Redevelopment: I Looked... Have You?

I took some time this week to look more carefully at the proposed Redevelopment area for a bigger and better commercial business district for Highlands and it certainly is making me wonder about a lot of things.

I wonder why the development area only extends from Veterans Park west, and not from the entrance to the area?


Bahrs is a well known, well respected and popular restaurant. Why isn’t that included in the business district?


The marina and shops and offices between there and the park on that side of the street are vitally important to the business district . Why are they not included?


The Chubby Pickle has a history under other names over the years, why not included? That yard next to the Chubby Pickle with all the stuff in it. Surely that looks a lot worse than some of the lovely homes that are included in a district that apparently needs help before it can be improved. Why isn’t that included?

There are those who want to talk about a second Mystic, or Provincetown, or some other charming waterfront town. Yet the entrance to downtown, the primary entrance coming off the bridge that takes millions to Sandy Hook, isn’t even included.


No great big flamboyant idea to literally shout out HEY! We’re Highlands! We’re Here and You ought to come see us! I wonder…wouldn’t that make sense to introduce newcomers to this very special community?

I wonder why, if you want to promote a business district, you don’t think first of promoting it from where it begins. If you want to entice business, wouldn’t you start at the front door?

It’s difficult to know who exactly owns all the properties within the district, since so many are in corporate names. But there are a lot of recent sales ... so once again I wonder ... do some people know more than others and are scooping up land for some reasons others don’t know about?




I looked at that Bay Avenue yard by the Chubby Pickle, not included ... and the borough property on S. Second St. included in the district. And I keep wondering…..once again ….if the borough doesn’t take care of its own property right now, why on earth do we expect anything better in the future with more plans, more rules, more regulations.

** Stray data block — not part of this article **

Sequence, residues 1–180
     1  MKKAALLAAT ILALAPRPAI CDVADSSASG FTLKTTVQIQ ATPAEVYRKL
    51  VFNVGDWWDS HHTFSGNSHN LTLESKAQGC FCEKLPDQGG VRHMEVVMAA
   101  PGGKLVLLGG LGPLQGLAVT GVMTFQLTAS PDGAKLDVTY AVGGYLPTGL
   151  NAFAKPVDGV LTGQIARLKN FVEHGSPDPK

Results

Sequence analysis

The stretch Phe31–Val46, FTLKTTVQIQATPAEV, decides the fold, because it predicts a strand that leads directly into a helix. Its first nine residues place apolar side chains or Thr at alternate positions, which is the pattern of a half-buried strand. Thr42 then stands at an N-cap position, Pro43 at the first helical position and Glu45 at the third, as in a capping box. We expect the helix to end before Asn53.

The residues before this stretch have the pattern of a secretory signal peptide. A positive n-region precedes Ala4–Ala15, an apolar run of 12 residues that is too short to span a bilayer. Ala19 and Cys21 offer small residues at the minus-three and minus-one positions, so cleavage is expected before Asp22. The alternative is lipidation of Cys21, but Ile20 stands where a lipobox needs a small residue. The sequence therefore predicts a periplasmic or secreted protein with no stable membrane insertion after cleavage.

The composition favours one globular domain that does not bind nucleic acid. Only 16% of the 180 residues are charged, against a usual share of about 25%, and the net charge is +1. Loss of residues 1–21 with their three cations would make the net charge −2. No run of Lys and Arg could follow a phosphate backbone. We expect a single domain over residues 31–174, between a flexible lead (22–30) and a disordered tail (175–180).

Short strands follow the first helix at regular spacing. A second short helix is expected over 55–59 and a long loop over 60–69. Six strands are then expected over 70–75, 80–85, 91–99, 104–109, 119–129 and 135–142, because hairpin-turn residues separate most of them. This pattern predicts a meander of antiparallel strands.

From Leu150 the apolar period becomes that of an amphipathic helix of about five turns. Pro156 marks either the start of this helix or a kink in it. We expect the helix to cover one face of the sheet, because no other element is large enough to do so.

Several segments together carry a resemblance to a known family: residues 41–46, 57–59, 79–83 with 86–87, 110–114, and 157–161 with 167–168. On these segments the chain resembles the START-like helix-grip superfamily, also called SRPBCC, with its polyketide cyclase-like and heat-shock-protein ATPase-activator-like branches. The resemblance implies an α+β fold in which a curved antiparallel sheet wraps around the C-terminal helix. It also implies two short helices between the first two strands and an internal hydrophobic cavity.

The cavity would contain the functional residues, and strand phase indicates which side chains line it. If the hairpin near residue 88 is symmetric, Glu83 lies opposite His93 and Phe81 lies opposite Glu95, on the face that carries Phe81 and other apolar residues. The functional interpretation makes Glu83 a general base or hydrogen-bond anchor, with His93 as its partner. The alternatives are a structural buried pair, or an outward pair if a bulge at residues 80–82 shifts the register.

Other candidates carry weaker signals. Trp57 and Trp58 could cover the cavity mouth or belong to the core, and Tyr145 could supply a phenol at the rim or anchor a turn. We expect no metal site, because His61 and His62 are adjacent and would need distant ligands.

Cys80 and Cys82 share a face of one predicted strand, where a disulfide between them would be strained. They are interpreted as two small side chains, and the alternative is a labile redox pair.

I looked at the very neat, adorable ice cream store. Looks great. I looked at Gianna’s, a terrific Italian restaurant. It’s up for sale, and judging from all the other prices that land has gone for in the area, he’s offering it at a bargain price. But it isn’t vacant land, it isn’t a closed business. It’s an active lease and a very busy place. Is that why it’s a bargain price? Because it can’t be torn down and leveled for something bigger?

Then I looked at so many houses that are so neat, so attractive, so nice looking but are included in the district that needs to be redeveloped. Maybe the planners should talk to the owners of those properties to learn what they did to develop their own sense of pride and beauty without any outside help.

I looked at several of the properties that are owned by corporate names and are vacant. Everyone of them looks neat, clean, well manicured and orderly. Empty of buildings, but does anyone have the ingenuity to create something inviting for residents on these little parcels?

Then I drove through my old town neighborhood, or part of it. It is not included in the redevelopment district. I couldn’t drive through all of Waterwitch because Washington Avenue is closed to through traffic for the last block to the river. What inconvenience are all these residents going through, I wondered.


I looked at the broken heap of stuff right where the road is closed. Hard to tell whether it’s on borough property or marina property. But it doesn’t make any difference. It’s a pile of broken rocks on the side of a residential street that is partially closed. The road itself is overgrown, the weeds covering the yellow painted curbline. What about these residents, I wonder. Aren’t they entitled to clean roads and clean neighboring properties?

Mayor Broullon ran a great public forum session so people could ask questions of the planner and learn more about the redevelopment plans for the business district. I feel certain she’ll continue to entertain questions at the next council meeting now that people are learning more about the properties, the recent sales, the reasons why properties were included, and the future of the borough.

I am not the only person who wonders.

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